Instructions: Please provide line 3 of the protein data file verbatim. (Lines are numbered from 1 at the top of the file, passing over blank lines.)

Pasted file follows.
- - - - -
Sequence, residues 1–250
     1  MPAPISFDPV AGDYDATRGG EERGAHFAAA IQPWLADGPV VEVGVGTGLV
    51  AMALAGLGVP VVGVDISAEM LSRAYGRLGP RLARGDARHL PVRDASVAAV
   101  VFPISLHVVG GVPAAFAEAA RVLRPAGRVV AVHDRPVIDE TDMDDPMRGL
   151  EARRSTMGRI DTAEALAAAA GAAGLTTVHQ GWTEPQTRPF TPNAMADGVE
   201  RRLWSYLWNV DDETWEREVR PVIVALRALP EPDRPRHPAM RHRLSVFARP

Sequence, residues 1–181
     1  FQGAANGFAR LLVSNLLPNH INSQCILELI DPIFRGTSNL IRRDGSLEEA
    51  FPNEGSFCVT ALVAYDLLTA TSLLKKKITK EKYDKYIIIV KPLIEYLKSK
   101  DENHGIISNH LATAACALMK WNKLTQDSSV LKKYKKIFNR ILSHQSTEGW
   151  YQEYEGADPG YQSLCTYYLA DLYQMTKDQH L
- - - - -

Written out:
    51  AMALAGLGVP VVGVDISAEM LSRAYGRLGP RLARGDARHL PVRDASVAAV